" We define our landscapes as much as they define us "

Wood Supply Systems

Minority Logging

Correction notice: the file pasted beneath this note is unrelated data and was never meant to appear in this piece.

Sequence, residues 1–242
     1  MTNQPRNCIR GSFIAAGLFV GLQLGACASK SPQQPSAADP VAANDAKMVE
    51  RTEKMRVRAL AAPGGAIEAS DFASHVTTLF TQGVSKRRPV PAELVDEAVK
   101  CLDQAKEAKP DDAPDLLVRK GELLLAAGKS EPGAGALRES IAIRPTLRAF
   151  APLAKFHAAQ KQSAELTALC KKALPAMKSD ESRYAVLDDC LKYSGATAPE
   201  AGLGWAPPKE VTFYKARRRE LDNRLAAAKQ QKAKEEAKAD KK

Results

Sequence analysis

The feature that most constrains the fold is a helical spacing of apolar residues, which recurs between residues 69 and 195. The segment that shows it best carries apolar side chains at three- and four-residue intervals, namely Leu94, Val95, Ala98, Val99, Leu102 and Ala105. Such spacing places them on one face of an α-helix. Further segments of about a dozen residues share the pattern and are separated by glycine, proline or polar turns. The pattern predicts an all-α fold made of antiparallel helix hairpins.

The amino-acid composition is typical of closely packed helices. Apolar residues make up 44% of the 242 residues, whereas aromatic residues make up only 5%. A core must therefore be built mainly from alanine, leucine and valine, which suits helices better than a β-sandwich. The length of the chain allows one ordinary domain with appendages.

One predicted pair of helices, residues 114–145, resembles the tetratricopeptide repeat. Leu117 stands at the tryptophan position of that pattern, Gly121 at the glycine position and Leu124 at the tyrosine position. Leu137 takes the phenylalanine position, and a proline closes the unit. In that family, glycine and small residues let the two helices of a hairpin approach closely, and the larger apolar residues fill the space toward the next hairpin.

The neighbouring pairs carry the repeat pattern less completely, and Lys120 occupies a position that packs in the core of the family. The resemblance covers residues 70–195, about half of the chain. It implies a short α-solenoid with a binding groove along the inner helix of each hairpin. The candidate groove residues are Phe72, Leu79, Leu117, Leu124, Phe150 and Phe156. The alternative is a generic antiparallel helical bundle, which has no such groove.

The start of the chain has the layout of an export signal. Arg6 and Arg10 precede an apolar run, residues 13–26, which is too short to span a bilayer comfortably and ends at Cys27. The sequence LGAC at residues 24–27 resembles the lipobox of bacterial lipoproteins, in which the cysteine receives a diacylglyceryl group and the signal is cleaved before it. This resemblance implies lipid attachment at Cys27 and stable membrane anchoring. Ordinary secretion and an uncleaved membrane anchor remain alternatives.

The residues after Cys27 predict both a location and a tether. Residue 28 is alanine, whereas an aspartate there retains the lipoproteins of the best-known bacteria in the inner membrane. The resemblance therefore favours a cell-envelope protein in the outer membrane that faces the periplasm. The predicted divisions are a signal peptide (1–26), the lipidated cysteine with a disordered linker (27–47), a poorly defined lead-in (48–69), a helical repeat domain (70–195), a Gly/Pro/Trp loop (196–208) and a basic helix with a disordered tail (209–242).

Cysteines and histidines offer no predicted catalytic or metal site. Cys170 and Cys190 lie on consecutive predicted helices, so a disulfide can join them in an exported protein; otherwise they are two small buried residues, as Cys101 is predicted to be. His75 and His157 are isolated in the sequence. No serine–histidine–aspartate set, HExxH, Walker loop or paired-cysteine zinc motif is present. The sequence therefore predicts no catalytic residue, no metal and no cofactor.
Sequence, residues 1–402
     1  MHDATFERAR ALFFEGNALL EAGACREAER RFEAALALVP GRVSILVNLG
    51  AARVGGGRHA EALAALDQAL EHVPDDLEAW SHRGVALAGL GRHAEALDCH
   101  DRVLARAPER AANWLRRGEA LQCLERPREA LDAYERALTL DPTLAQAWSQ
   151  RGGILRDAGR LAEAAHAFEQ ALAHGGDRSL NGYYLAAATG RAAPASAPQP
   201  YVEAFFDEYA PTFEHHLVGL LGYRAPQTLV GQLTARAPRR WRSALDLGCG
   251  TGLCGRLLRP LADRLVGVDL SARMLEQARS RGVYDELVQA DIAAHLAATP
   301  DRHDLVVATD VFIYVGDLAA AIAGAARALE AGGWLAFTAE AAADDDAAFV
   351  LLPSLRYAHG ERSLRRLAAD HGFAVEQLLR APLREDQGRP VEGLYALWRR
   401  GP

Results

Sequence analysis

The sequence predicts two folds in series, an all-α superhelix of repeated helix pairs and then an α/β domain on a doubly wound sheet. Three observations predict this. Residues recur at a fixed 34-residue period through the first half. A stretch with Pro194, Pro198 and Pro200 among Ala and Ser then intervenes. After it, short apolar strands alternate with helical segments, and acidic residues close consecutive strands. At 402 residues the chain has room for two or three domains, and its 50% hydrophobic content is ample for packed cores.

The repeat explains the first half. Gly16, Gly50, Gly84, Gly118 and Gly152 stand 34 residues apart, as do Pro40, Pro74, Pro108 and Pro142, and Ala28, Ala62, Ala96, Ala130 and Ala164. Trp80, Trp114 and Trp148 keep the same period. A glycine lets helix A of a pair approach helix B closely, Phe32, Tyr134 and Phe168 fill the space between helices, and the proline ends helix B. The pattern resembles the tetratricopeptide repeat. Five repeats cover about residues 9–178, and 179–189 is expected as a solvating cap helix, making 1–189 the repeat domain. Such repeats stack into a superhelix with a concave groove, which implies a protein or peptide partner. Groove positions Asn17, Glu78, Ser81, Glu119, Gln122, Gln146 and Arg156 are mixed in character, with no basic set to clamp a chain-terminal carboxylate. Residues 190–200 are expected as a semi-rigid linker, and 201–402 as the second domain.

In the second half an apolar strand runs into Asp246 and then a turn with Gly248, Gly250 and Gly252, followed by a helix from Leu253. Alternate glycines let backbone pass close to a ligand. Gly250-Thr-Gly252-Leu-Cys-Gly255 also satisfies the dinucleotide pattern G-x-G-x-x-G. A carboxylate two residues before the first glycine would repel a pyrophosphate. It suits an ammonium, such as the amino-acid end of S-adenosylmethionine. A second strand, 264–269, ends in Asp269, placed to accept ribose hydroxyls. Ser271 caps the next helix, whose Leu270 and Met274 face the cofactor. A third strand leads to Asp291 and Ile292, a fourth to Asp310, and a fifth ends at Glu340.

When Mississippi State University student Orlando Ellerby began his master’s project associated with the long term cost and productivity of logging firms in the Eastern United States, he noticed a huge demographic hole. There were no minority loggers currently participating in the study even though roughly 30% of the logging firms in Mississippi are minority owned. There had been limited participation in the past, but those firms had withdrawn over time. Ellerby’s participation provided a great opportunity for rectifying that situation. A native of Dekalb, Ellerby’s family has been in the logging business for several generations. Having received his bachelor’s in forestry at MSU, his knowledge of the industry and ability to communicate were a natural fit for working with businesses regardless of race. Ellerby’s study--which is the only long term study of the business, production and demographic characteristics of logging firms in the United States--focuses on the business situation, equipment, personnel, challenges, and opportunities of logging businesses. Each contractor is recommended by current participants, state loggers associations or councils, state forestry organizations, and/or industry representatives. Participants must meet certain qualifications including a reputation as a stable business of good standing that maintains good business records, SFI training, compliance with applicable laws and regulations, and a willingness to share information for the betterment of the industry. The contractors are contacted several times and visited at least once a year. The contractors are asked to provide financial and production records quarterly, either directly or through accountants. The identification of how minority loggers’ personal and educational backgrounds play into their choice of business will also be identified in this study. Most of the minority business owners thus far share a common background with other loggers. They hauled short logs with their father or grandfather. Businesses were then expanded into a mechanized, fulltime independent contractor. One expectation from the study is to aid minority participation in the logging and trucking sector.